They are extremely naïve beyond all reason," said Jason Henderson, a San Francisco State University geography professor who has studied the politics of parking and is current writing a book on the subject.
"There are people who want to democratize unsustainable lifestyles," Radulovich said, calling it "a strategy without a future."
Transportation activist Dave Snyder got into a heated discussion with some ANSWER members outside the hearing room, faulting them for failing to oppose the Muni fare hikes and service cuts that were approved last spring and for refusing to accept the need to discourage environmentally damaging activities like driving cars.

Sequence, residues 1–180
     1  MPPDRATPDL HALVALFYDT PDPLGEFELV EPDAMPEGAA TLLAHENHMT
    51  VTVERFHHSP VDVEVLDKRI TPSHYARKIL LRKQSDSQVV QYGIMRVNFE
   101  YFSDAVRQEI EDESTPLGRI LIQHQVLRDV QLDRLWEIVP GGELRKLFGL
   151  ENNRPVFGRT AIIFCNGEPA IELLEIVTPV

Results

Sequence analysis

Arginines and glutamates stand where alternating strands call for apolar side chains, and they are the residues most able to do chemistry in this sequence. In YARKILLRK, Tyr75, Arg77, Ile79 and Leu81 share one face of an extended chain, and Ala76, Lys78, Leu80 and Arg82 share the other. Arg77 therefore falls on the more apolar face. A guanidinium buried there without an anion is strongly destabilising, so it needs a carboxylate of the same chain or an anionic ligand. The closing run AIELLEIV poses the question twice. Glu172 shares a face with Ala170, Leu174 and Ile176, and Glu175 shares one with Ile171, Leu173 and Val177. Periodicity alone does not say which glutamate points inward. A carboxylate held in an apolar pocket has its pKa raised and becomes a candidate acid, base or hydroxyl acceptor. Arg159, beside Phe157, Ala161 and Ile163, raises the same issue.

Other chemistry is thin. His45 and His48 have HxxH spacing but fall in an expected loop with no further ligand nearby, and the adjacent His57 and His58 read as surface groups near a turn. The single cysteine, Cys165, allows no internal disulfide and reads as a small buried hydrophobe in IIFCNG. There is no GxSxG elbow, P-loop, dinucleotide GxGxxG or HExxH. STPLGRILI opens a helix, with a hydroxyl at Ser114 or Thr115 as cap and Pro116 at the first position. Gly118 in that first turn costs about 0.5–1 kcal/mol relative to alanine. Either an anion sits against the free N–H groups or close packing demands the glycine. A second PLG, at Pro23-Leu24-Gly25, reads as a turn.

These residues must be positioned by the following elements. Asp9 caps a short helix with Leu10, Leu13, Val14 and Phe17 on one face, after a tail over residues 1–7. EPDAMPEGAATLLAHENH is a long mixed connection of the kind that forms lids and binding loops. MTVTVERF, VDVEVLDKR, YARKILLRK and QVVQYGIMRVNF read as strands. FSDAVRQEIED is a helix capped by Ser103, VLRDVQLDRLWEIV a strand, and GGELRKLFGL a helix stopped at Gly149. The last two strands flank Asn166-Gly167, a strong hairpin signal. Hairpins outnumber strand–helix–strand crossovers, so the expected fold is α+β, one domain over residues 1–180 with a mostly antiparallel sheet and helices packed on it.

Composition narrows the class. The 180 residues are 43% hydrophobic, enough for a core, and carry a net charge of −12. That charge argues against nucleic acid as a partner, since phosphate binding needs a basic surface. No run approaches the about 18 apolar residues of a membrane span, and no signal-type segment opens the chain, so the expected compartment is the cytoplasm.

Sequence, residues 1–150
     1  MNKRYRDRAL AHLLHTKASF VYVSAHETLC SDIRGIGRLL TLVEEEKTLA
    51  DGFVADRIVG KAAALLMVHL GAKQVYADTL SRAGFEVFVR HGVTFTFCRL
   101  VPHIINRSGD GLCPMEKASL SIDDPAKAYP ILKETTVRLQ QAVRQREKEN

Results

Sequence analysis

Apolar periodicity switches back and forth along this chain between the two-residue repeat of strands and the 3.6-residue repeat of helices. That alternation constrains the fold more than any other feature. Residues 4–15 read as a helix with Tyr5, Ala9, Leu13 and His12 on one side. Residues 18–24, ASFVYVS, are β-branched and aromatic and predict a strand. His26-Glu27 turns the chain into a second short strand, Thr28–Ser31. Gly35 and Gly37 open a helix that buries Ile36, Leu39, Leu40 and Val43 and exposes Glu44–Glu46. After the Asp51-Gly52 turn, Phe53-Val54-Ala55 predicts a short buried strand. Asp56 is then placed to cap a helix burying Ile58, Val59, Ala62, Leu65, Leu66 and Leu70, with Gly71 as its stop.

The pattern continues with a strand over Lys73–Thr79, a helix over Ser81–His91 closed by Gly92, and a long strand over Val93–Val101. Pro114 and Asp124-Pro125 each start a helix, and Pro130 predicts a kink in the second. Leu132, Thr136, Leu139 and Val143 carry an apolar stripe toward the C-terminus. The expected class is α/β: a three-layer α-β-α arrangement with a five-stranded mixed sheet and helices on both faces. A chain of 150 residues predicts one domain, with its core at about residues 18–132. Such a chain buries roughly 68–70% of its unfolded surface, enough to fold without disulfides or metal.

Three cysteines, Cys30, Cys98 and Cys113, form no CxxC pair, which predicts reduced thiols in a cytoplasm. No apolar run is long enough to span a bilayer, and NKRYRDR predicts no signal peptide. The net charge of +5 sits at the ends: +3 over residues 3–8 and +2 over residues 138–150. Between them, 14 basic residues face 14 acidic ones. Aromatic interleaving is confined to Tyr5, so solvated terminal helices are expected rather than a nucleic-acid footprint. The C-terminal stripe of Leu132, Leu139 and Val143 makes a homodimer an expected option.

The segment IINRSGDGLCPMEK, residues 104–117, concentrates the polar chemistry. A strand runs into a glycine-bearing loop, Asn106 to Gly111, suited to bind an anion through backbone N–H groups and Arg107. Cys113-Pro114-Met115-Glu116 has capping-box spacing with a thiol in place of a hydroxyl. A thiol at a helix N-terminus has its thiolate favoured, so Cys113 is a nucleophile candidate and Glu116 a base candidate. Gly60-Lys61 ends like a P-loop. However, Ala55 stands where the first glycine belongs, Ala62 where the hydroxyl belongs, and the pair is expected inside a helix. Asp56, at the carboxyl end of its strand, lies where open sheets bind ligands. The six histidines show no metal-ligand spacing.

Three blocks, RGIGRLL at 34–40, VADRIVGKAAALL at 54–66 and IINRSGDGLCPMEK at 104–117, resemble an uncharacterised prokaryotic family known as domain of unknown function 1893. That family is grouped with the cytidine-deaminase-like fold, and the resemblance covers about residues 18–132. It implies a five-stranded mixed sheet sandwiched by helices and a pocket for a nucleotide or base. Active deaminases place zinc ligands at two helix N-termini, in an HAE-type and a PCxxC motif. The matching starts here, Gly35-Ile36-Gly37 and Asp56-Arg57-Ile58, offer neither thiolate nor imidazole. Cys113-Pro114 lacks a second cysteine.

"To use price to discourage that is indeed a regressive tax. It's still worth doing, but we have to think about [ANSWER's reaction]," Snyder later told us.
But Henderson, Snyder, and Radulovich see a silver lining in this discussion. "It's a sign of progress," Henderson said. "The more this floats to the surface and we can deal with it now, the better we'll all be in the long run."